03/01/19

PAPER: What to do with 1 trillion dollars

Every year, governments are diverting $1 trillion dollars away from people and public services into the hands of big companies. The report 'Changing track: putting people before corporations" by Health Poverty Action, the People's Health Movement and Viva Salud outlines why we need to put people before corporations.
$1 trillion could quadruple the money spent on healthcare for half the world’s population

Read the paper

Research by Mark Curtis, Curtis Research
Written by Natalie Sharples, Health Poverty Action

Summary

Whatever our differences, as human beings we all want the same things – a decent roof over our heads, a warm bed, healthy food to nourish us and access to health services when we need them. Having our basic needs met gives us the freedom to achieve our potential, to live and love, protected in our families and communities. We all have the right to these things, whoever we are, and wherever in the world we live. They are our human rights.

But governments across the world are denying people these rights. Across sub-Saharan Africa just under half of all women have no access to adequate antenatal care. In the UK, four million people have difficulty feeding their familiesii and one in every two-hundred people are homeless.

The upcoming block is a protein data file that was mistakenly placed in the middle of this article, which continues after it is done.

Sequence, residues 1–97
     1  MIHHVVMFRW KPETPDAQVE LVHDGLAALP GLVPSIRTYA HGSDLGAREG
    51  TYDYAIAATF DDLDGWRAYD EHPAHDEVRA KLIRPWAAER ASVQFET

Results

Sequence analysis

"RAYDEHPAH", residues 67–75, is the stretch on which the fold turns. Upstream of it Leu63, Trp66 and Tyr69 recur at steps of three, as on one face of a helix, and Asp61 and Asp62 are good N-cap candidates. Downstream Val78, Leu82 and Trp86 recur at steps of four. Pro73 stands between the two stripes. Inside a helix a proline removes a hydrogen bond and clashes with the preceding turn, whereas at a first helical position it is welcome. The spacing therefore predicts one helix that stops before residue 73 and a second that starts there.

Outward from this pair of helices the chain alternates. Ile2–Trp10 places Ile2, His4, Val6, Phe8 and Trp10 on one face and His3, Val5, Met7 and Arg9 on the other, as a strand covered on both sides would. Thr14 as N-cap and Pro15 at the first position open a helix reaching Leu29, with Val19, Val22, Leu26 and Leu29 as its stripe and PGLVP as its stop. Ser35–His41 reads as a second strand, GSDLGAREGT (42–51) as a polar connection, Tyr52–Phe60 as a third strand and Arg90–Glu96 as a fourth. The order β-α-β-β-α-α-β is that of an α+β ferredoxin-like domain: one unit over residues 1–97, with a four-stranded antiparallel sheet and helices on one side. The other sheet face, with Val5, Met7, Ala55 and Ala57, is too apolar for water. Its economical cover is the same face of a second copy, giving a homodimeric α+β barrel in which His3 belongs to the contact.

Ten years on from the global financial crises, which exposed the dramatic failures of neoliberal policies governments are still choosing to put companies above people and public services.[1] New research for this briefing shows that governments are enabling the diversion of over $1 trillion (or a million million) worth of resources each year. This includes:

  • money that governments are giving away to companies – through subsidies to banks, fossil fuel and agriculture companies, tax breaks and reductions in the rate of company tax leading to excessive company profits;
  • money governments allow companies to take by enabling tax dodging.

Where the $1 trillion comes from:

In the UK one in four low-income households are struggling to put food on the table. But in 2012-13, the British government handed out $93 billion, the equivalent of £3,500 to every British household to British companies in grants, subsidies and tax breaks.